When Harold Washington Beat the Machine


Please note: this is a rescheduling of the program originally titled “Remembering Harold Washington” that was intended to be held on February 1st, but was postponed due to inclement weather.
In partnership with South Side Projections, we’re proud to present a screening of films about Mayor Harold Washington. Following the film will be a wide-ranging discussion with some of the people who made the films and other people who worked to get Washington elected. In 1983, Harold Washington was elected the first African American mayor of Chicago in a hard-fought election. His first term was marked by the so-called Council Wars, in which a bloc of white aldermen stymied his plans for the city. He was elected to a second term in 1987, but died in office later that year. His victory and tenure as mayor marked a turning point in race relations in Chicago. His name adorns a library, a park, a college, and a cultural center, but more than twenty years later, how much has Chicago changed? What was the legacy of Harold Washington?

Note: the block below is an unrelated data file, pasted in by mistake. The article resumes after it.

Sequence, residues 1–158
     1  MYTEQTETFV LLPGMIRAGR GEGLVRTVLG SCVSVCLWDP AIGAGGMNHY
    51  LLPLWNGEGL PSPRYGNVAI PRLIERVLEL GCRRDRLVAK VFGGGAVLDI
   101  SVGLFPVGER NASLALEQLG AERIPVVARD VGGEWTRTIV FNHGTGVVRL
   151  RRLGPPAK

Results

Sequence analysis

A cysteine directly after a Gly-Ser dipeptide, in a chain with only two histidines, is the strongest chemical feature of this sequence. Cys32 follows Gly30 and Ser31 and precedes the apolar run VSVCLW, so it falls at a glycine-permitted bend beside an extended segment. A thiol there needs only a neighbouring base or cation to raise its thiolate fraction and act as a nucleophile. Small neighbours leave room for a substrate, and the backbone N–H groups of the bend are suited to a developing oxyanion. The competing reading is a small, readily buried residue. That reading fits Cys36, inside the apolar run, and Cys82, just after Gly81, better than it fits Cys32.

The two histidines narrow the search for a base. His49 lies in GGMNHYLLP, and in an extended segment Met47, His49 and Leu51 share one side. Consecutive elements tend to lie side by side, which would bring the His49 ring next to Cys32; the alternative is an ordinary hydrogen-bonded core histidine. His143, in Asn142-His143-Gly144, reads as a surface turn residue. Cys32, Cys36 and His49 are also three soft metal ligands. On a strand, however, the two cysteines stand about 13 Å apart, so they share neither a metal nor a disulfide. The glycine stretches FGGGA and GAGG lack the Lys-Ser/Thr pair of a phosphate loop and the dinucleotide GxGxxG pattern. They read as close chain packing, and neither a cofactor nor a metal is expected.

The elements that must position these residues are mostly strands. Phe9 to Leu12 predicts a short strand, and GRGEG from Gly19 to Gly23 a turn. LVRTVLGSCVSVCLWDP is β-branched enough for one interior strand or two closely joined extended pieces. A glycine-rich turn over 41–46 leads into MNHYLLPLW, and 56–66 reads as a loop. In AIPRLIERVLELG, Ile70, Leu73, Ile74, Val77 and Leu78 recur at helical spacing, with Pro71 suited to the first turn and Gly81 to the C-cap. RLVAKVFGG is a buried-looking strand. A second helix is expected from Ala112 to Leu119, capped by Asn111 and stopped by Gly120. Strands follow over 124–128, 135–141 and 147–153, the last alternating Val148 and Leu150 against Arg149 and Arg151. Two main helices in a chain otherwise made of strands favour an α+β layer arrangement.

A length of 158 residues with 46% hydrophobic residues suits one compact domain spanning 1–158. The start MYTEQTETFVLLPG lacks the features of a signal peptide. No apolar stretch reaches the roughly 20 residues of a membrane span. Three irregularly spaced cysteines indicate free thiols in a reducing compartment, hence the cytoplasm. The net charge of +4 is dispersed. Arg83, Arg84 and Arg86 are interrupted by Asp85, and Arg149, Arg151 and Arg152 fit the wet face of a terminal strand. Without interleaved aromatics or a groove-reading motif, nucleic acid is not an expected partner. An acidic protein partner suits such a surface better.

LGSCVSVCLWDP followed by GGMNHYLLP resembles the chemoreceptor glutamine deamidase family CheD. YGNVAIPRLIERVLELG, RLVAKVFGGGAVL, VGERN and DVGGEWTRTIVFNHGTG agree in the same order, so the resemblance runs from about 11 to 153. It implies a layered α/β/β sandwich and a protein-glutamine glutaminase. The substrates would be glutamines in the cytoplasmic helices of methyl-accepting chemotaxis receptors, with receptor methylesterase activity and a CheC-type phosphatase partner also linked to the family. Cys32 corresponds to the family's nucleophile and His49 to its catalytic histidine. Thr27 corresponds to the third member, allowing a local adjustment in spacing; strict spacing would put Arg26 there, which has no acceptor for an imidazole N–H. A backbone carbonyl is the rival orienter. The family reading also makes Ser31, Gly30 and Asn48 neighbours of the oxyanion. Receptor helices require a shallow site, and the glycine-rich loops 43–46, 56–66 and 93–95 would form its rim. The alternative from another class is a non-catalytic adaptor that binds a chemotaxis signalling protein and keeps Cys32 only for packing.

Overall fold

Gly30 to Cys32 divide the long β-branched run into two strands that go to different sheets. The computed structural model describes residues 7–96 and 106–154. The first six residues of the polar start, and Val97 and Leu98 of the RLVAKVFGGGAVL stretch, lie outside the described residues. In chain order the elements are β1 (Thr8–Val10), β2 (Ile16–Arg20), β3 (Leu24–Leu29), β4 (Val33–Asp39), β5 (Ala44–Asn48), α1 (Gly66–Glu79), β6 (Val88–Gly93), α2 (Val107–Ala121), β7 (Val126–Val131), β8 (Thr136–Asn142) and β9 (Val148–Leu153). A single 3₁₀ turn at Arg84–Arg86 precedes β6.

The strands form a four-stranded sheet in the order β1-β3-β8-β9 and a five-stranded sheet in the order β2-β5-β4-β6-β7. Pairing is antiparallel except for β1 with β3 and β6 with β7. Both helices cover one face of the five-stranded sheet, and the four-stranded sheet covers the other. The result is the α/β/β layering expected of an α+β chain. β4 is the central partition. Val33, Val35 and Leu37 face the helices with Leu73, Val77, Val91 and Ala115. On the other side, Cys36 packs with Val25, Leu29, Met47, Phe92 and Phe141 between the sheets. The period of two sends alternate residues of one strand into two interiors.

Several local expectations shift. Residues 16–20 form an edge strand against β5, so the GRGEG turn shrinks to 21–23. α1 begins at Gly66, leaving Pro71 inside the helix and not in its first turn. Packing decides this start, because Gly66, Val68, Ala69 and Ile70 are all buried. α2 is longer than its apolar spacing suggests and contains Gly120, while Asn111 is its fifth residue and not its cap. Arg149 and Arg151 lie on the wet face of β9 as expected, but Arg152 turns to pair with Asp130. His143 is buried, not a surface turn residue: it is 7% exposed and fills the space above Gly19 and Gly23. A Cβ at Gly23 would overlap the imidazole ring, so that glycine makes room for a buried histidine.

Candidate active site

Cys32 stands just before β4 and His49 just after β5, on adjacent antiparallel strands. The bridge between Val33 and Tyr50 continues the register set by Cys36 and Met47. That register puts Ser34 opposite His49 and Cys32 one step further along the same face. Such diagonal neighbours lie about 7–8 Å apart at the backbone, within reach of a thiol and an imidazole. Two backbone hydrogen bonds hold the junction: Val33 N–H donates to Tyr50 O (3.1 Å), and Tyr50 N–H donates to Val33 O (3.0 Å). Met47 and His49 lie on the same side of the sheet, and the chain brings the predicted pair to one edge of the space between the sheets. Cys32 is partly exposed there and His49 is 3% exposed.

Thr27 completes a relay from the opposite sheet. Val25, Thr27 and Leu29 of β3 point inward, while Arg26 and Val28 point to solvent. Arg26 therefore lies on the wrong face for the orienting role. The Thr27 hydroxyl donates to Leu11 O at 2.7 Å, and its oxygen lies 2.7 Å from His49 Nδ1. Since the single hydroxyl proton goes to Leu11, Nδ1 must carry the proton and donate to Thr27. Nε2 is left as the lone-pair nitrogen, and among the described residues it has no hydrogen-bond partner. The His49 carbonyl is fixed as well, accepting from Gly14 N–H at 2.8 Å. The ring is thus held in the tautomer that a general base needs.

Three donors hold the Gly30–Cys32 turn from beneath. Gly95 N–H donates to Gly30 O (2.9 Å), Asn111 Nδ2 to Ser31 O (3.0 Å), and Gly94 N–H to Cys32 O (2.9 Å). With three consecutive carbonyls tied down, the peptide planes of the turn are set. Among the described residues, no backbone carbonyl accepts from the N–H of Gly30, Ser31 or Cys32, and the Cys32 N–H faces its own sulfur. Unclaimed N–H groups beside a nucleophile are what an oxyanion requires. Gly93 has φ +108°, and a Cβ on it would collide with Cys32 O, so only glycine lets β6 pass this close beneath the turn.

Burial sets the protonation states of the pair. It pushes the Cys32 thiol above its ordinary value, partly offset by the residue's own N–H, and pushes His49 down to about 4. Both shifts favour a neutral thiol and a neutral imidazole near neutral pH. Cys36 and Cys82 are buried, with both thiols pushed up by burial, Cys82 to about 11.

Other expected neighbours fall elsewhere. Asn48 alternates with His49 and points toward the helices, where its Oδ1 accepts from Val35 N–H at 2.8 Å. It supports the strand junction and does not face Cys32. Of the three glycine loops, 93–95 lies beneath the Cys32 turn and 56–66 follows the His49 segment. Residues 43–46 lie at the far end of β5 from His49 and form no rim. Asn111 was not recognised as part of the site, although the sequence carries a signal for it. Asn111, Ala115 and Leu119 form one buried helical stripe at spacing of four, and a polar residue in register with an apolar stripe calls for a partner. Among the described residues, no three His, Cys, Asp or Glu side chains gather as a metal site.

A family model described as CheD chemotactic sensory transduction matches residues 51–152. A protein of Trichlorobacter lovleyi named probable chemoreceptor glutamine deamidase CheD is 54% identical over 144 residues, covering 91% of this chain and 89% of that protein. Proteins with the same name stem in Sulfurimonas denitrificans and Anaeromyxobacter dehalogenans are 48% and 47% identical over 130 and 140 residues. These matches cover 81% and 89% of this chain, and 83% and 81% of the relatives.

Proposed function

This screening gathers three radically different locally made films about the first black mayor of Chicago, surveying his tenure as mayor and his fight to change the way the city was governed. Running with the Mayor (Community TV Network, 1984, 12 min., DVD), created by Hispanic students of Chicago’s Community TV Network, follows Washington on the campaign trail and asks whether Washington will be a force for change for Hispanic as well as African American residents. Why Get Involved (Jean Young, 1983, 30 min., DVD), shot on election night at the party where Washington and his supporters anxiously awaited the results, is a star-studded who’s-who of African American celebrities and power brokers, including Bill Cosby, Jesse Jackson, and Ben Vereen; the film asks these and other supporters why regular Chicagoans should get involved in Washington’s crusade. Finally, a lengthy excerpt from Chicago Politics: A Theatre of Power (Bill Stamets, 1987, 50 min. excerpt of 90 min. film) examines the two elections that Washington won, capturing Washington’s unforgettable way with words, the racism with which many whites greeted his campaigns and victories, and Washington’s efforts to transform Chicago.

Black Cinema House | 7200 S. Kimbark

In conversation: Javier Vargas, who worked on Running with the Mayor as a student; Bill Stamets, the director of Chicago Politics: A Theatre of Power; and others to be determined. This screening is free and open to the public.